Beehives: Hexagons Are The Bee’s Knees

Hexagon

Have you ever seen a beehive up close? It looks a like tiny home with a special hole for flying in and out.

 

If you have seen a beehive before, you may have noticed bees hanging out on the outside. This happens when the inside of the hive gets too hot. By staying outside of the hive, bees help lower the temperature and allow more space for warm air to flow out. This process is known as bearding , because the bees look like a furry “beard” hanging off of the hive.

 

But the most interesting part of a beehive is found inside!

 

Beehives are made up of sticky “walls” called honeycombs . Each honeycomb is made up of a series of perfectly hexagonal cells. Each side of these six-sided cells has the exact same length, making them fit together like a jigsaw puzzle.

bee1
circular cells have gaps in between them!

Honeycomb cells have many purposes, but they are often used for storage. Worker bees use them to keep the pollen that they collect. The queen bee uses them to store her eggs. And, of course, the cells serve as important storage for honey.

 

The hexagonal architecture  seems to work really well for our buzzing friends. Have you ever seen  beehive cells in any other shape? What about a triangle? A circle? It turns out that there are reasons honeybees have settled exclusively on this six-sided shape.

 

First, hexagons  are the most efficient use of space. When building a hive, bees need honeycomb cells that hold the greatest amount of honey or eggs. Using a circle shape does just that! Unfortunately, rows of circle cells do not line up. Their lack of distinct sides wastes space and leaves gaps between the cells.

 

On the other hand, the closest shape to a circle is – you guessed it – a  hexagon! Hexagons have the all-important flat sides allowing them to fit snugly against one another without any gaps.

 

Second, building hexagonal cells means less work for the busy bees.

bee
Bearding

Honeycomb cells are made of wax, which the bees produce themselves. After gathering nectar from nearby flowers, bees use the nectar to create delicious pockets of honey. When bees eat the honey, it slowly oozes out of their bodies as little flakes of wax.

 

Creating just a small amount of wax is hard work, though! To produce one ounce of wax, bees must consume eight ounces of honey. From there, the bees still need to melt down the wax and mold it into its proper shape.

 

Considering all the work involved with producing wax and building cells, bees want to use the smallest amount of wax necessary to construct the honeycomb. And that means using the compact shape of the hexagon.

 

In a hexagon, the total length of the walls is small compared to the total space inside of the cell. In math terms, hexagons have a large area and a small perimeter . A small perimeter means small walls, and less wax! Compared to other shapes, like a square or a rectangle, hexagons have the most appealing ratio of area to perimeter.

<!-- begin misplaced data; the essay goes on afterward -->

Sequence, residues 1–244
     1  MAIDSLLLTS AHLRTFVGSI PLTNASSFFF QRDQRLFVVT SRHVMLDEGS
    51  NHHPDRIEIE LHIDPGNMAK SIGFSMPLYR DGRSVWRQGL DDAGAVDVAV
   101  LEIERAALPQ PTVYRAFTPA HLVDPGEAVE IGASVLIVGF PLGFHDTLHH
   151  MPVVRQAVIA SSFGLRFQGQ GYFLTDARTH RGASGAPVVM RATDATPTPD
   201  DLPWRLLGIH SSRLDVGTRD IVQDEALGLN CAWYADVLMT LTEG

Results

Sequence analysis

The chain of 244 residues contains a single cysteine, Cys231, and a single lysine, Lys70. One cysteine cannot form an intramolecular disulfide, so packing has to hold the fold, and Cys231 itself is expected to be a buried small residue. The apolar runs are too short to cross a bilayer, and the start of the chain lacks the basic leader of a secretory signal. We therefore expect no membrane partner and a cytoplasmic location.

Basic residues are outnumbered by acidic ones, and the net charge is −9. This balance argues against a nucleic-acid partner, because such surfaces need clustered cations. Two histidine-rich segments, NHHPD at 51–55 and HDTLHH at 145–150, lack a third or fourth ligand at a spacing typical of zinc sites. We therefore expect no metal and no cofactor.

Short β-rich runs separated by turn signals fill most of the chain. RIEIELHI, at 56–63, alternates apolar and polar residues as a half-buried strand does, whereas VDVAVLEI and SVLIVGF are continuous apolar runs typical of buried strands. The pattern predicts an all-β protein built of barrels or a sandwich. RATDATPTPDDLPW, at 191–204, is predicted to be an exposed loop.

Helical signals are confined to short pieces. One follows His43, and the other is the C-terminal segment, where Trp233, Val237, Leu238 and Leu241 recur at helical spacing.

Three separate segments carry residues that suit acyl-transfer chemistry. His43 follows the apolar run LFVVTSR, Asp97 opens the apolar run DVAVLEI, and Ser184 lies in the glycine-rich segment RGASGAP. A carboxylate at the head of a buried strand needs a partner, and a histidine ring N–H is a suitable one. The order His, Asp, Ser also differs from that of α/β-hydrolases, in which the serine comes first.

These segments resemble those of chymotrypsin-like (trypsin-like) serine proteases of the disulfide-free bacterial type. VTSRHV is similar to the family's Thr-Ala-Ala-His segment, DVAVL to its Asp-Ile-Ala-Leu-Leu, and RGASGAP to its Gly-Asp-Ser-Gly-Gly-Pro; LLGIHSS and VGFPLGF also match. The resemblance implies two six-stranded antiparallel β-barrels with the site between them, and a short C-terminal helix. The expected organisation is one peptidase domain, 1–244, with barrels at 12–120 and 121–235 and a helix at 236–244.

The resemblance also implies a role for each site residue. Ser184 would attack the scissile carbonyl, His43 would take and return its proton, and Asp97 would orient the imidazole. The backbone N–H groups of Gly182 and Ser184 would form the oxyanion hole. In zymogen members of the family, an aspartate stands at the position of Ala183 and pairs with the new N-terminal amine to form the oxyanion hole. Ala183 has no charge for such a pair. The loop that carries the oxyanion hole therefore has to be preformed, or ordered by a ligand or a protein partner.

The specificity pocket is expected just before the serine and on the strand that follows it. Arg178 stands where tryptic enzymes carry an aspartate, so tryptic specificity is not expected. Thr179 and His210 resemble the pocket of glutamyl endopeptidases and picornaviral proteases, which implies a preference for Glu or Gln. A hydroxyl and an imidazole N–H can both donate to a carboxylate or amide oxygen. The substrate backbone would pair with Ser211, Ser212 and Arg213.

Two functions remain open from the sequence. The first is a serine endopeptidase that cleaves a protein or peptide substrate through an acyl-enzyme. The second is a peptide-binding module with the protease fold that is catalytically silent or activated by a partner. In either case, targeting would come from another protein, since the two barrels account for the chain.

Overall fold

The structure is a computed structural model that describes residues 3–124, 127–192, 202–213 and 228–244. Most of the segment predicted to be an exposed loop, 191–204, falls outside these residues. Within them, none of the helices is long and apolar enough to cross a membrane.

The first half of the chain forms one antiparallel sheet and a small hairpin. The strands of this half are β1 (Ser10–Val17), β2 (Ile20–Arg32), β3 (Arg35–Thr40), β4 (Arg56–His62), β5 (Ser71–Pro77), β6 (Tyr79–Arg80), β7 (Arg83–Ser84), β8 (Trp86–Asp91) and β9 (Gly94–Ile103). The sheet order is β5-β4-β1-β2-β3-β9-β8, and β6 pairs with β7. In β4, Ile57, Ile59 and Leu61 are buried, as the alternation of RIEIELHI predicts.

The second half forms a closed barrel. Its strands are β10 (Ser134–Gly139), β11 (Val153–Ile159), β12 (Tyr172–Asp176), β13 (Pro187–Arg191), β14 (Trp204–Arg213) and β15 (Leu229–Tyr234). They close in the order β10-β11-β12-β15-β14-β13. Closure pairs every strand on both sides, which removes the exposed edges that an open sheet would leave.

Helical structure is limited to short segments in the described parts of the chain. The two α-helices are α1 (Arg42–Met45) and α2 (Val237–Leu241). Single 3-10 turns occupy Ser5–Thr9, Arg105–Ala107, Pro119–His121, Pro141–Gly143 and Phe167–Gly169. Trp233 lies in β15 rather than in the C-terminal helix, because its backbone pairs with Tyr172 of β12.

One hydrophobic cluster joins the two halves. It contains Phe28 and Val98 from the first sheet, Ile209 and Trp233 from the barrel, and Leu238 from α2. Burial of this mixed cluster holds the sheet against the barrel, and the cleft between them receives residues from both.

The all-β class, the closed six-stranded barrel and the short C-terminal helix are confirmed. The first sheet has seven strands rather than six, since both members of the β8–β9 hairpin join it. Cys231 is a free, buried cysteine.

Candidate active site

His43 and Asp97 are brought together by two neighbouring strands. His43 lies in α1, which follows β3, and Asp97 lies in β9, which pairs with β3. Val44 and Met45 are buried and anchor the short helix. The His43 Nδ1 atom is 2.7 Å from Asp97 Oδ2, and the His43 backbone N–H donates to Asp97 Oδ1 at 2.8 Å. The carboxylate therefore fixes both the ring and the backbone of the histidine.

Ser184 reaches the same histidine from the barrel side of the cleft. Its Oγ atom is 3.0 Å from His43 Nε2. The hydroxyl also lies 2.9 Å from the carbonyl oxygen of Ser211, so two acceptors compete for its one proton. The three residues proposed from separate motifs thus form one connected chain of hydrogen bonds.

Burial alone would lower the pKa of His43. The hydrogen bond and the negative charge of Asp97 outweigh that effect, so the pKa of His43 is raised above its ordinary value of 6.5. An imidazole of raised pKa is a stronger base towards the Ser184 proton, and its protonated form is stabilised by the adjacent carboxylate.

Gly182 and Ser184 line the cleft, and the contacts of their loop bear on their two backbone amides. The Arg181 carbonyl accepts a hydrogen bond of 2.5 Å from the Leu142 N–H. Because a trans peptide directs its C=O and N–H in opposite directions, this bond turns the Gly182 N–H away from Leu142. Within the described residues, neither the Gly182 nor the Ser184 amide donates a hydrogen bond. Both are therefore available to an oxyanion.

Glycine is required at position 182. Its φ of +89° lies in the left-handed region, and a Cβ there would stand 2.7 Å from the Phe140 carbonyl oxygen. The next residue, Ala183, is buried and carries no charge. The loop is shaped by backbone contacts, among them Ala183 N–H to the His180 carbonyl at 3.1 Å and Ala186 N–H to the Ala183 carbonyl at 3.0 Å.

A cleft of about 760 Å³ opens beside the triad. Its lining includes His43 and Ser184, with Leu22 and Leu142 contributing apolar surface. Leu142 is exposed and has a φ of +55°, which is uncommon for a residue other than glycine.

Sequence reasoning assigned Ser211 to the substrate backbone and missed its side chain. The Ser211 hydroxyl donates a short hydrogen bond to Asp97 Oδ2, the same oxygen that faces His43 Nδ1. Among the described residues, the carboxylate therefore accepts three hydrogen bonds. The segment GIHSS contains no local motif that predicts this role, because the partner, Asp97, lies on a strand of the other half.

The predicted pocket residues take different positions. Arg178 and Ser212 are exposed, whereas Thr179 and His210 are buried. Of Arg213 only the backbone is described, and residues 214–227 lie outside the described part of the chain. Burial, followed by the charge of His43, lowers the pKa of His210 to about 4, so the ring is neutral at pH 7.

In short, honeybees know their geometry inside and out. Hexagonal cells save them work and space.

bees
Bee getting nectar from flower

Next time you come across a beehive, see if you can spot the six-sided cells.  Remember to keep your distance and avoid any sudden movements. If bees feel like their hive is threatened, they won’t be afraid to fight back!

 

Flesch Kincaid Grade Level: 5.9

 

Flesch Kincaid Reading Ease: 77.9

Glossary

Bearding: bees clustering on the outside of the hive resembling the shape of a beard

 

Honeycombs: a collection of hexagonal wax cells

 

Architecture: the practice of designing and building something

 

Hexagon: a six-sided shape

 

Perimeter: the total distance around a shape or object

Allon, E. (2021, August 26). The science and beauty behind hexagons. Beepods. Retrieved April 14, 2022, from https://www.beepods.com/the-science-and-beauty-behind-hexagons/

 

Anderson, C. (2021, November 10). What is honeycomb used for? Carolina Honeybees. Retrieved April 14, 2022, from https://carolinahoneybees.com/what-is-honeycomb/

 

Bee Built. (2014, July 15). The basics of Bearding. Bee Built. Retrieved April 14, 2022, from https://beebuilt.com/blogs/backyard-beekeeping-blog/14855969-the-basics-of-bearding

 

George, S. (2017, September 1). Why are honeycomb cells hexagonal? Science Friday. Retrieved April 14, 2022, from https://www.sciencefriday.com/educational-resources/why-do-bees-build-hexagonal-honeycomb-cells/

 

Illustrative Mathematics. (n.d.). Hexagonal pattern of beehives. Illustrative Mathematics. Retrieved April 14, 2022, from https://tasks.illustrativemathematics.org/content-standards/tasks/1126

Contributors

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